In all of this I don't mean to create a biological excuse for distant or overly protective fathers. Despite my willingness to do battle with a pack of wild hyenas every time I pass a playground, I don't plan on keeping a gun in the house. Also, I'm sure that women have similar feelings of protectionism around small children. I mostly point this out because these feelings have been unexpected and interesting. There are certainly 'fatherhood' groups out there that seem to be based on the idea that fathers are disenfranchised in today's society. I wonder if some of this feeling doesn't come from a feeling of uselessness regarding their most primal instincts.

I would suggest that we men need to understand that the modern world requires of us actions that are far different, and almost certainly far more rewarding, than the actions of a standoffish protector.

*I don't mean to suggest that source of this love has to be parents.


  1. This is interesting - it's especially interesting as it applies to the gender of the children, and also to some questions of class.

    The protective instinct is obviously a lot stronger when it applies to fathers and their daughters in early dating. Teenage girls rarely get chased out of their boyfriends' house with a shotgun. This all then shows the projections that go on to dating: it's specifically that girls need protection from boys.

    There's obviously a strong grain of truth to that; women are distinctly at greater risk of partner violence and of course, they're the ones who get pregnant. But an overprotective parents, you'd think, would be at least skeptical of partners of either sex, who certainly are intruders that could mess up a kid emotionally or whatever. The construction of fatherhood as violent really creates a wall there, I think, where boys and dads are generally unable to talk about vulnerability and instead just start ignoring each other in that context, if the general schema is unchallenged.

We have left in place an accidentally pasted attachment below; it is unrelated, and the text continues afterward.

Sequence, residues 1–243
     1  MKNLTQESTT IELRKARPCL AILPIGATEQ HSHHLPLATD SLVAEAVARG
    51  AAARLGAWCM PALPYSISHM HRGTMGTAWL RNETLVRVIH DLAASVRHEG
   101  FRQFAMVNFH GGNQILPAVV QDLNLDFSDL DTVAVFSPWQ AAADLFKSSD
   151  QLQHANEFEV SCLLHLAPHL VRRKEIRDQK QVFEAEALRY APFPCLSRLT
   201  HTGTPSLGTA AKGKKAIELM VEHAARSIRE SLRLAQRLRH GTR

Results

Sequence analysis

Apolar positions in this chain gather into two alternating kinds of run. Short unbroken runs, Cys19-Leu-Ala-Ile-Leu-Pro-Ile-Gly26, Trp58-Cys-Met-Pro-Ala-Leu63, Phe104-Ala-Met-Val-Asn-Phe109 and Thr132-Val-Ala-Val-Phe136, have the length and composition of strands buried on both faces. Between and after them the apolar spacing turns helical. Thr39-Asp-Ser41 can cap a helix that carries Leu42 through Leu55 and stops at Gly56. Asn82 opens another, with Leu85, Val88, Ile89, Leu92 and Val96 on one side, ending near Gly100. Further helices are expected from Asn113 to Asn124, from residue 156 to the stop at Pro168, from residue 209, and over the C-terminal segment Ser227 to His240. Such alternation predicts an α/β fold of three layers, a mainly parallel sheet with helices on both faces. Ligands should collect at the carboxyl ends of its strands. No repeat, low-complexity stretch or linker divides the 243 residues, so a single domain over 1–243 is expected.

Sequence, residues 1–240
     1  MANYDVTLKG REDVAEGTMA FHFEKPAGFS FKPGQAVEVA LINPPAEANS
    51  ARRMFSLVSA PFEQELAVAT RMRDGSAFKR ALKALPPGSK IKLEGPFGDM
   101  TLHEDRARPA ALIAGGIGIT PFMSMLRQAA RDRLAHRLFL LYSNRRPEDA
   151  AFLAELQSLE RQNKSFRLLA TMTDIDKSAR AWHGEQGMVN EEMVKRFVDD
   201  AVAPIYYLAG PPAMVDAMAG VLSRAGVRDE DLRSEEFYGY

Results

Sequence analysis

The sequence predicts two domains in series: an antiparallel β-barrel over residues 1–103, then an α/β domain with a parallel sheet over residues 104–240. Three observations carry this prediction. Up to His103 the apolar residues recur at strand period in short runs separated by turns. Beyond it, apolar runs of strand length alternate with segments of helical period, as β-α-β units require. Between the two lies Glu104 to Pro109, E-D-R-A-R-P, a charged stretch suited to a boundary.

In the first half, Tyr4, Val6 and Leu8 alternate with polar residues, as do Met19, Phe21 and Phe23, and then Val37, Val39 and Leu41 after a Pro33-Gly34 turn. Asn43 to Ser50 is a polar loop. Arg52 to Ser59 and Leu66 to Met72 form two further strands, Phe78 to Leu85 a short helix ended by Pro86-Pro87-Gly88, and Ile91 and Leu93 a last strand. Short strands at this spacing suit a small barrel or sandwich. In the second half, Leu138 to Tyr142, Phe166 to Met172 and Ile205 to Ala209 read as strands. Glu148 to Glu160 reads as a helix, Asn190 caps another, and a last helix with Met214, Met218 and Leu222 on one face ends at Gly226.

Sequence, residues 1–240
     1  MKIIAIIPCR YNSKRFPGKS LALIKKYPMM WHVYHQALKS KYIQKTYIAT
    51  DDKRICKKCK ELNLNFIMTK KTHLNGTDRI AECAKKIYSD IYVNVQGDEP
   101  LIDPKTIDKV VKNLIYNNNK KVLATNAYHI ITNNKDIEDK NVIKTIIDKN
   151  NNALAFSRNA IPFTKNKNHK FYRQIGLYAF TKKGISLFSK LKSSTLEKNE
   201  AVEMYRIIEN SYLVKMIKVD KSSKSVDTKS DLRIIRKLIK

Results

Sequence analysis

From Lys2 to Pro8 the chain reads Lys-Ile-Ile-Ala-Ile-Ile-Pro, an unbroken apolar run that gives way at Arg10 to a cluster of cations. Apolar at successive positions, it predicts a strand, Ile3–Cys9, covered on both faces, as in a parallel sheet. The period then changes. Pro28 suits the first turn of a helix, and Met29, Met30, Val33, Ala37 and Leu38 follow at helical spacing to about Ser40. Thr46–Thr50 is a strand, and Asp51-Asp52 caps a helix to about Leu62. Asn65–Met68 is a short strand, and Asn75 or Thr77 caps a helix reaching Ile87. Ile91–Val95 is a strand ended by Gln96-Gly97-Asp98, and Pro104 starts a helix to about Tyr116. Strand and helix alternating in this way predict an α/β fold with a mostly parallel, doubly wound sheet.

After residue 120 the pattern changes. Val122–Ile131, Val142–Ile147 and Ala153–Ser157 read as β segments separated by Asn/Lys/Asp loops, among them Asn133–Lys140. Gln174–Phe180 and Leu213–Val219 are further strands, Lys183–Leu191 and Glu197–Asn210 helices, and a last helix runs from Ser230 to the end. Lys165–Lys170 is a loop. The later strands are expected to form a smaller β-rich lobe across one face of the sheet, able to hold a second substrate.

On a different note, we do have two broad constructions of fathers as providers and/or protectors, and I think as men have generally lost earning power, or at least, the power to be sole earners, there's more pressure on the other side. The rise of the bizarre, right-wing virginity obsession, as specifically a role for fathers, may have some root in this class change: no longer could middle-class men see themselves as sole breadwinners who could comfortably have fulfilled their duty. Forced to share that role with their wives, some men certainly could be tempted to find a new source of that authority, and sought out the purity/virginity movement because it gave them a very gendered relationship with their family - in all its creepy incestousness. It triggered the violent wing once the material wing was damaged.

  2. With the dating protection I wonder if it isn't pent up desire to protect. If your child goes 14 years and you haven't defended her from any wild animals or any real dangers yet, I could see certain fathers feeling unfulfilled. So it seems possible that some of that pent up desire to protect could spill out into the exagerated character of the shotgun wielding father.

    However, I'm not sure that holds water, as it doesn't explain the gender difference. I think the lion slaying paternal intinct I describe applies equally to sons and daughters. It's possible that it is exactly what you say. Father as protector is lost in today's world, and so a certain cultural group just assigns something new to the father to protect: virginity instead of physical safety.